9. 3 points
    George, I guess I got good shoots because there were so many good subjects to choose from. I used Ektachrome 120 slide film cropped to superslide size and hand-mounted onto plastic frames. My camera was a twin-lens reflex, which, unfortunately, didn't have telephoto or wide angle accessories. I tended to "push the envelope" a little, which got me some privileged shots of the Bell System, Travelers Insurance, etc. But mostly it was patience, and the powerful impression that the fair made on me. It is wonderful that these slides have finally found a home among those of you who really appreciate them. I think that providing a nostalgic return to almost-forgotten memories is one of the best gifts I can offer, and, believe me, the pleasure is as much mine as yours! The responses of the Community to these long-ago efforts have added a whole new dimension to my later years, for which I thank you all. I couldn't think of a happier occasion than to meet all of you personally and share memories of this great Fair!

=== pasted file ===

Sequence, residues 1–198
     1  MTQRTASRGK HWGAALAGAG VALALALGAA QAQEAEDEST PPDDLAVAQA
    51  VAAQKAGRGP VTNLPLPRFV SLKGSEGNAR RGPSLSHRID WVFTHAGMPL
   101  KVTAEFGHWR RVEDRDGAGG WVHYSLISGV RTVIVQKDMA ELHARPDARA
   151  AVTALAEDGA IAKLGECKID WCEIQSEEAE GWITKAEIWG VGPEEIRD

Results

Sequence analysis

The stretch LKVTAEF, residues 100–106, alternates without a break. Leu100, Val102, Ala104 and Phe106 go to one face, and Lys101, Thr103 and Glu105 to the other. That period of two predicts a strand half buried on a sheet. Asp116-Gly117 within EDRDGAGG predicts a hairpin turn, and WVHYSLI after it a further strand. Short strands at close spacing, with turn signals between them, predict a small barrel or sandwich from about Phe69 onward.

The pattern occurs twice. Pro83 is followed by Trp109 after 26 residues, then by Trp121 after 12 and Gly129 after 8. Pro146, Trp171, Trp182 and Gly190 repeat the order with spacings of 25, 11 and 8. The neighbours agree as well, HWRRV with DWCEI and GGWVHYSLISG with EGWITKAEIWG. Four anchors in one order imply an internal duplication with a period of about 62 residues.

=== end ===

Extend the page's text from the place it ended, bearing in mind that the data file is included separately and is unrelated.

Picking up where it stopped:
10. 3 points
    I'm delighted to learn about the Community after decades of thinking there was little general interest in my own photos. I visited the Fair 30 times over its two year span, with a twin-lens reflex camera, plus the occasional tripod for night and interior work, and a bulky portable audio tape recorder. I'm presently engaged in a multi-month project of meticulously cleaning, color-correcting and, where appropriate, cropping each superslide file. Everything I submit will be brand new, having never been published in any medium. Many thanks to Craig Bavaro for tipping me off about the Community, and to Bill Cotter for his technical help and support. Greetings to all from California, and thanks for your interest and patience while I get this process underway.